Category: Relationships

Measuring Meaningfulness

I constantly measure the meaningfulness of the messages I send, the information I share, and how I impact those who choose to read my posts. I intend to always help with driving solution-focused thinking and increasing the positives we share in day-to-day interactions.

One thing missing is an opportunity for others to share what they would like me to focus on to help them in what they are doing. I want to pause and organize this blog to work for those who need it to work for them. My idea is to dedicate each day to a particular topic. Examples could be: Monday: Motivation, Inspiration, Meetings Tuesday: Teaching, Thoughts, Talking Points, Communication Wednesday: Wisdom, Wit, Things to Ponder Thursday: Takeaways, Things to Share, Activities for team building Friday: Facts, Factors, Leadership Saturday: Solutions, Strategies, Plans. Sunday: Spiritual, Social-Emotional, Mental Health

Maybe you don’t want to read something daily. What if you wanted something in one post? If this is your desire, what day would you choose to receive it, and what do you need the content to include?

Be the solution daily is for you. I want to thank all of my followers and those who have invested their time. Starting today, I will take a two-week break while I gather information on the direction of this blog.

Keep being the solution daily for all as we serve others in making the world better one day at a time.

Pop’in back, Getting to know you!

Relationship building is a priority for every organization during this time. Our world has experienced a great deal of stress, and we continue to have changes made to our daily lives. Bringing fun into the work environment and getting to know those we share time with are helpful in many ways.

Building relationships build trust, loyalty, and dedication. The stronger our relationships become, the more the work becomes not a what we do but a why we do! Bring fun, trust, validation, and dedication to each other. We need all of this!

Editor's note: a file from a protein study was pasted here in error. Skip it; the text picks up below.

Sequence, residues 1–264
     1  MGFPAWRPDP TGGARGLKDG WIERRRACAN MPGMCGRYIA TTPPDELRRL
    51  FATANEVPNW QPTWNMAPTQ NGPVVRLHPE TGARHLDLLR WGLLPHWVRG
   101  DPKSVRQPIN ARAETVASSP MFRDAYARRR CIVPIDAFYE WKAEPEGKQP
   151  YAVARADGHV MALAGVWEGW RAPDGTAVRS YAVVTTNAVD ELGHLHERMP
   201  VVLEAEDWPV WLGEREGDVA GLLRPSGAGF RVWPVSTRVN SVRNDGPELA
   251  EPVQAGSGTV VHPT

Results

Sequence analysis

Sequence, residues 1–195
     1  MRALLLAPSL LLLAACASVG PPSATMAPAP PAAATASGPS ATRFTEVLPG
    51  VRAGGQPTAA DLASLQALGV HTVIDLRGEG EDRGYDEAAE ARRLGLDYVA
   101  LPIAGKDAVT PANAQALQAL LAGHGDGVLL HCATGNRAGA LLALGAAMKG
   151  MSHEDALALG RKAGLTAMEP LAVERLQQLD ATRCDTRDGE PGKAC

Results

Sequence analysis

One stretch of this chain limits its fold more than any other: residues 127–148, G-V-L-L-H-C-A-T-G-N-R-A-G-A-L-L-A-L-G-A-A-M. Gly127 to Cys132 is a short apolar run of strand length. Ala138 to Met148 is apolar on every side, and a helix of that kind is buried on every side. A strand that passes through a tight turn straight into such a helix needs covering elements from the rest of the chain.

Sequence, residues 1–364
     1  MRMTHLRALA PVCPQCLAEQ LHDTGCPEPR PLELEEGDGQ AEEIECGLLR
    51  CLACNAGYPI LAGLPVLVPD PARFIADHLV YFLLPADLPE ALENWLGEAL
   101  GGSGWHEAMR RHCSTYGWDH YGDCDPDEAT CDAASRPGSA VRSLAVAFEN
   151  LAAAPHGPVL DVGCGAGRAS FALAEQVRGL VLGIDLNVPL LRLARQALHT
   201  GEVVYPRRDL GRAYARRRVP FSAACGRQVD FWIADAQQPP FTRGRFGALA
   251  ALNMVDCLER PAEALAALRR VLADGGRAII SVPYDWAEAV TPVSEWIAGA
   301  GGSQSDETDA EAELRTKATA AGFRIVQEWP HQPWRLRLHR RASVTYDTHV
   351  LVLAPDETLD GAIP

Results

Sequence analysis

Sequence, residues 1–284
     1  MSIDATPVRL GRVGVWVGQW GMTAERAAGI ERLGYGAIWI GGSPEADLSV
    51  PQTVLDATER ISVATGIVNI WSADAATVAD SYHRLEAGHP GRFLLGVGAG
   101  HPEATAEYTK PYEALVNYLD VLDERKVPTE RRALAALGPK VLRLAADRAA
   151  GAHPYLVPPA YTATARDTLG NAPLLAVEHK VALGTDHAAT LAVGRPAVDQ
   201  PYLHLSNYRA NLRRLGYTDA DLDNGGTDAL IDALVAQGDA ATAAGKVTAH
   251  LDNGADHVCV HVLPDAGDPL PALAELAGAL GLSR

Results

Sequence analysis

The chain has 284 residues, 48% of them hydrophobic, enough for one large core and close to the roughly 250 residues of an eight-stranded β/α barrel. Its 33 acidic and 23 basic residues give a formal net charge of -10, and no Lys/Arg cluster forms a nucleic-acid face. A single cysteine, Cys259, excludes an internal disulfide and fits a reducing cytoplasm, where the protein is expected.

I have a couple of games I have used to help with getting to know others. Both are fun ways to bring people back together after a long break like summer, spring, Christmas, or even short holidays and during a conference. These are also fun to do in social settings, in classrooms, or where you need to break the ice to start conversations.

I have provided some brief explanations and listed the materials you need to play the games. The questions to ask yourself are:

  • How many people will be in this group?
  • Which game fits this group setting?
  • How much time do I have with this group?
  • Is this something we can continue over several days?

Once you have answered these questions, you can determine how to set up the game and needed materials. Individuals will write and label their answers on three small pieces of paper. Then insert them into the balloon and blow the balloon up slightly. They place the balloon in the designated spot and when all are completed the game begins. (When I have done the Pop’in back game with balloons, I use a giant garbage bag to put balloons in, or you can utilize a designated area.) Then I can get one out to pop.

*If you are at a conference, make sure to announce only to do a balloon if they will be staying for all of the sessions. You don’t want to pop a balloon and never find out who dated Blake Shelton or is a secret millionaire.

Guidance for games

Questions to use for statements

  • What state are we in?
  • What company or school district do you work for?
  • Are you married?
  • Do you have children?
  • Do you have grandchildren?
  • What is your favorite color?
  • Do you have siblings?
  • What is your favorite season?
  • Have you been to Disney World?
  • Which would you rather have ice cream or cake?
  • Have traveled by plane?
  • Have traveled by train?
  • Have more than five friends?
  • Many questions can be asked but be aware of what you ask and how you ask? What is the purpose? This is to be uplifting, chances to connect and laugh. Stay away from topics that could cause trauma indirectly.

Please share if you have additional ideas or suggestions. Let us know if you try it out and how it went. I have done this activity with a large group (entire school district opening meeting, my hometown rural school). So much fun with everyone engaged, even those who never want to participate.